You can remember a phone number long enough to dial the digits. You can remember the words at the beginning of this sentence so that you can make sense of it by the time you reach the period.

Scientists have been interested in this fundamental ability, called working memory, since the early 1900s, when researchers found that monkeys used particular areas of the cortex to perform tasks involving working memory. That and many other studies tell us which part of the brain controls working memory, but there is still the problem of finding a good way to measure it in infants.

J. Steven Reznick, professor of psychology and director of the Program in Developmental Psychology, graduate student Kevin Pelphrey, and their colleagues set out to figure out when working memory develops. They found themselves living by the motto If at first you don’t succeed, try, try again.

At first, Reznick emulated earlier studies but worked with human infants instead of monkeys. While a baby sat on its mother’s lap, Reznick and his students showed the baby a toy. Then they hid the toy in one of three or four shallow wells on a large table and covered the wells with a cloth. After distracting the baby, the researchers watched to see if the baby reached for the well in which he or she saw the object placed. The researchers varied the length of time that they distracted the baby and the number of different wells from which the baby chose. Over the course of 12 trials, the researchers were able to tell whether the baby was able to perform the task more often than would be expected by chance alone.

But what if the baby just wasn’t interested in the object being used and therefore didn’t bother grabbing it? Researchers tried to factor in that possibility by using something that fascinates all babies—people. They cut two holes into a large table, then had a graduate student stick her head through one hole and talk to the baby, again seated on its mother’s lap. “Hi baby! Hello there!” The graduate student would duck down as the two holes were covered, and the baby was then distracted by a snap of fingers or a clap of hands. Did the babies then grab for the correct hole?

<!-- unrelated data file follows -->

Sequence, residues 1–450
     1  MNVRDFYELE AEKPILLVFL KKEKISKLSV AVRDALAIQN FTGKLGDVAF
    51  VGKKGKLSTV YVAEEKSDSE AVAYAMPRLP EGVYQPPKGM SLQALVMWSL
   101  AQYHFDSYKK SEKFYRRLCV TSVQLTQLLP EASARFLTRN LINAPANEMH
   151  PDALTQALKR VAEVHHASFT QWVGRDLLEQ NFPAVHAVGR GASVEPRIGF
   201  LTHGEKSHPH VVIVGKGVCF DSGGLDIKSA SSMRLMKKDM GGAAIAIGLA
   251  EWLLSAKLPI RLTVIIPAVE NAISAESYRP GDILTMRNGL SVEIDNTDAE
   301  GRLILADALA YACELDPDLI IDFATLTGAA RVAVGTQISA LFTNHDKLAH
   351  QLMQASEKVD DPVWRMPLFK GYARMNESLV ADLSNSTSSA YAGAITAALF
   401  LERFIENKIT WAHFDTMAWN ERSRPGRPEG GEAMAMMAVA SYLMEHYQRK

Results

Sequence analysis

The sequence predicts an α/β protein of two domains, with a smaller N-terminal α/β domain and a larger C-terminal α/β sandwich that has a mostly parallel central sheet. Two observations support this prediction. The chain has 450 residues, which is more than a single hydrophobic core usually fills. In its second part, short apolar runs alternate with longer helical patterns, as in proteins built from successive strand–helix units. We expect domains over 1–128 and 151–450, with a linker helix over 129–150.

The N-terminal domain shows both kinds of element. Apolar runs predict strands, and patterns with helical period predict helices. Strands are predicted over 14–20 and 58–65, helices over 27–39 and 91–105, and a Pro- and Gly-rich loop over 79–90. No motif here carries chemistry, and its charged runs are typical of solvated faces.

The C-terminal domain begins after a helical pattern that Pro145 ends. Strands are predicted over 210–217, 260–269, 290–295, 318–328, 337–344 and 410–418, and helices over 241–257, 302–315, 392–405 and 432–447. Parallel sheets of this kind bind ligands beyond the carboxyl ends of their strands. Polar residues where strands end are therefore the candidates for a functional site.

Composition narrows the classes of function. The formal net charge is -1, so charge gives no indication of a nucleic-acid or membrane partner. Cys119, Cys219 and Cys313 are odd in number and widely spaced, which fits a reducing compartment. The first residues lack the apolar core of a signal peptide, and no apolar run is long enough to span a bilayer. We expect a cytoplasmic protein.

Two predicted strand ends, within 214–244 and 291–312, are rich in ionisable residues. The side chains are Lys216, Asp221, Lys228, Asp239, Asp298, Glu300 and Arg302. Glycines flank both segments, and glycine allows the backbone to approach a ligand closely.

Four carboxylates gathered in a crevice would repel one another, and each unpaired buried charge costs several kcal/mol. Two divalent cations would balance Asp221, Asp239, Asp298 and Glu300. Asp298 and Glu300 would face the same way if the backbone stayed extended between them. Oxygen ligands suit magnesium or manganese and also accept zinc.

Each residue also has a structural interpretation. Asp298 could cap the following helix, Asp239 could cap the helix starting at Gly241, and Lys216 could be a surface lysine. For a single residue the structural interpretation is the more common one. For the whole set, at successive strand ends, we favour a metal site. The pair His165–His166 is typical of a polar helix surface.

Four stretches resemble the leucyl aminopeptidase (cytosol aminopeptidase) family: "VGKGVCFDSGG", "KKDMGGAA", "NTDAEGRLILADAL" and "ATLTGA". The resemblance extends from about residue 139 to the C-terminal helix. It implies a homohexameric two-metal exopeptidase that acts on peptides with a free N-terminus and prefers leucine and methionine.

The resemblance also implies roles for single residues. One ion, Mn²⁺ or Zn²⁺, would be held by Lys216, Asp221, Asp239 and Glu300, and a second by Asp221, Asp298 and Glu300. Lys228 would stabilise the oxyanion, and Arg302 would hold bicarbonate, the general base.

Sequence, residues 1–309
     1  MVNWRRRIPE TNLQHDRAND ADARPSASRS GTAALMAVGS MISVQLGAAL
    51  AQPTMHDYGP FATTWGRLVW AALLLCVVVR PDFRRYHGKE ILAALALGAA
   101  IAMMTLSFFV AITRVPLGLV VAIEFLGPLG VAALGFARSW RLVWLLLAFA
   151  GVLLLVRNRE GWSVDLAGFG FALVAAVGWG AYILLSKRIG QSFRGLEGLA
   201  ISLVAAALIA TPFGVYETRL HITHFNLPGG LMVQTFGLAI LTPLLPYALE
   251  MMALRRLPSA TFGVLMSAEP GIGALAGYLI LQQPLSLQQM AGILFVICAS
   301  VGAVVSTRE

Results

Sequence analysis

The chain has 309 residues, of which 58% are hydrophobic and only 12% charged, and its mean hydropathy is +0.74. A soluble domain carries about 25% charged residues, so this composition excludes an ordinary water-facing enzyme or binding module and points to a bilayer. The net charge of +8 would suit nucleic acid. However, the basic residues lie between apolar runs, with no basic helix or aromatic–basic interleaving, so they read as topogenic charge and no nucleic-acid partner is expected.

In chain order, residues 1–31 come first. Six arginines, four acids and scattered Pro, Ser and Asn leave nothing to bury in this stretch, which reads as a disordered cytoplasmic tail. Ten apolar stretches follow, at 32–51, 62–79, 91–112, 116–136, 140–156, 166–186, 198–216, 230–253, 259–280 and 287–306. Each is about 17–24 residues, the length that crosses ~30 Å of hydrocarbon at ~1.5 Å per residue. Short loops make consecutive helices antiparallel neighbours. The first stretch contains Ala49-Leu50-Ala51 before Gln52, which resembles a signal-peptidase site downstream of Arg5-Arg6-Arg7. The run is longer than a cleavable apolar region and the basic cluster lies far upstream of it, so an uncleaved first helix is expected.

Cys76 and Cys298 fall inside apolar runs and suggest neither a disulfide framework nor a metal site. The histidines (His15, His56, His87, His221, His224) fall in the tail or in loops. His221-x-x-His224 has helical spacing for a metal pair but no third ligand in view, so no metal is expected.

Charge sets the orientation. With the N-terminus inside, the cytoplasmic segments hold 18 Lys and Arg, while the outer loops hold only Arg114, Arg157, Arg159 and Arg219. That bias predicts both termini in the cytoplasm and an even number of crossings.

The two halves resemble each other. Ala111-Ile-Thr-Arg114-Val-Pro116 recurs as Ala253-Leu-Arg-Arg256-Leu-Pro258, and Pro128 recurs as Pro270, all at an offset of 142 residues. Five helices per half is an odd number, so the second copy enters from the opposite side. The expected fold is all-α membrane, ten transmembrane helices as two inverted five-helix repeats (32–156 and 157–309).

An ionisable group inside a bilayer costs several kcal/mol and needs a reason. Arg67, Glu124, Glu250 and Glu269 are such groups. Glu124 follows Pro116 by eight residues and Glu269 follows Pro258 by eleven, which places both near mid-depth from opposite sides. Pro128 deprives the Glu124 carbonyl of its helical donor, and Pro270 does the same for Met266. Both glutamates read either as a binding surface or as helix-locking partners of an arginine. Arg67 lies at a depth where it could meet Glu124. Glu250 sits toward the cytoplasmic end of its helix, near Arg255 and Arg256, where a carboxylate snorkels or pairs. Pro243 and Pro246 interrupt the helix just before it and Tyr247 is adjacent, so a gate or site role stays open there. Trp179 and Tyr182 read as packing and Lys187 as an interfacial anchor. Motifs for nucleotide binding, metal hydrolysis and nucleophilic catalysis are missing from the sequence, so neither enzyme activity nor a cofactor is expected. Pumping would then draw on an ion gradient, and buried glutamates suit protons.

There was something about reaching out for a disembodied head that babies just didn’t like,” Reznick says. Understandable.

So then what? “We took a big piece of standing Masonite and did the same thing,” Reznick says. A graduate student would look through one of two windows, talk to the baby, and then a curtain would go down. “We would spin the baby in a swivel chair, stop, pull the curtains up, and no one would be in either of the windows,” Reznick says. Where the baby looked would indicate whether working memory kicked in. Wanting to automate the process, Pelphrey used computer software to do something similar on a large monitor—with up to 20 different spaces to choose from rather than only two. Instead of spinning the swivel chair, they broke the baby’s concentration by orienting all of the windows to the center of the screen for a period of time, then returning them to their original location.

With numerous spaces arranged on a monitor, how could researchers know exactly where the baby’s eyes were focusing? Eye movements are very slight, so determining precisely where a person, particularly a baby, is looking is no easy feat. The solution was tiny, ingenious headgear developed by a company called ISCAN. Reznick, Pelphrey, and lab director Barbara Goldman adapted the headgear—a visor with two miniature video cameras. One camera looks forward from the front of the eye to where the child is looking. The other looks down and across a special lens and at the eye, while an infrared light bounces off the back of the eye and backlights the pupil.